For many years people couldn’t believe that social structures like Slavery, The Berlin Wall, The Iron Curtain, Apartheid and many other political theologies could fall apart and complete regime change could be lead from within. Yet history has shown us that establishments of power do not last forever, and every regime has a season during which it enjoys power, and a season during which the people living under its power rebel and rise up against the dictatorships that reign omnipotent over its people.
Rebellions, often called illegal are formed by common people, community leaders, people who are able to excite people through their words, calls for freedom, people that show a clear understanding of the path we follow to freedom. These are mighty people of the people, heroes of the uprising, and leaders of our future political establishment. They are people that call for change, are persecuted for their beliefs, actively protest from the roof tops, from behind the bars, from where ever they are able to inspire people.
The problem for regimes today is the power of social media and the ability for people to communicate through channels with relative ease in comparison with uprisings of yester-year. Society is now far more tech savvy and armed with the capability to read choice blogs, participate in online forums, and gain access to online organisations that give modern leadership a powerful ability to coordinate and spread their message of unified uprising in protest of dictatorships unlike ever before.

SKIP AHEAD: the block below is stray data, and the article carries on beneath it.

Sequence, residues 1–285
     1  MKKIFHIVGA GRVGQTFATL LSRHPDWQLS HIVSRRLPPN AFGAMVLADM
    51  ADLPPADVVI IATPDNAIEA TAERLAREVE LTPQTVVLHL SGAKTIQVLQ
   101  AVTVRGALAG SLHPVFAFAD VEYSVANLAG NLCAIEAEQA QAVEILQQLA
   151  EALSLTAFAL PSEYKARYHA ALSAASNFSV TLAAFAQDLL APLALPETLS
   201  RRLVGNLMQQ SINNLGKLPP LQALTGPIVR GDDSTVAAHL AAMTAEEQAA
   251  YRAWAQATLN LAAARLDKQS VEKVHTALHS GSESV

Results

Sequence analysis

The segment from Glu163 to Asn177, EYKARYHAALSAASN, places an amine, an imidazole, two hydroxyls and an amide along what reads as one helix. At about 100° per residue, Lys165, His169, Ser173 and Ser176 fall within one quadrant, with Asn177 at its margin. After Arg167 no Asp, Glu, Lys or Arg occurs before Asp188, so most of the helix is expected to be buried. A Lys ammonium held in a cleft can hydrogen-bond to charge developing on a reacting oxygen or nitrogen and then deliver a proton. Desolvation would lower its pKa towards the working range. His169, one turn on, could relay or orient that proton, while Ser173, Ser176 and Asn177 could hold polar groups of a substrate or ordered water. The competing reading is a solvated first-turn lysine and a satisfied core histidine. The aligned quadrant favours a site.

As a child I was moved by a film shot in South Africa called Sarafina. A story about a young girl who’s passion and belief inspired a youth movement in South Africa during the rule of the racist regime that dominated the mass of African people, and prevented them from having a voice, representation or any form of access to democracy. In mass protest, the school youth of the townships began mass demonstrations against the regime, chanting the words, “Freedom is coming tomorrow!” The rebellion met with swift and decisive action by the political establishment, but it was too late. The call had gone out, the world had awoken to the brutality of a distasteful regime, and favour began to swing in favour of the masses. Ultimately regime change was born as the power of the people came together in one voice.
The same can be said for the fall of the Berlin Wall, when Germans of all races, creeds and persuasions realised that a world could be changed by simple determination of a people to stand up against a regime and say NO. There were isolated instances of wall guards trying to protect their patch of the wall, but overwhelmingly it was common place for even the guards to join the people and smash down the division that caused families to be split by politics, friendships to be torn apart by the evilness of the establishment, and people to live in fear instead of happiness and prosperity.
This trend is common place throughout history. It surprises me that leaders and politicians haven’t learnt that when it comes to oppressing a people, you can only last for a certain length of time before the people become sick and tired of living under your oppressive institutions. We’ve watched it happen extensively through Eastern Europe, South America and are now seeing it happen with frequent and alarming consequences in the Arab states that for years have always tended to live under the dominance of one man.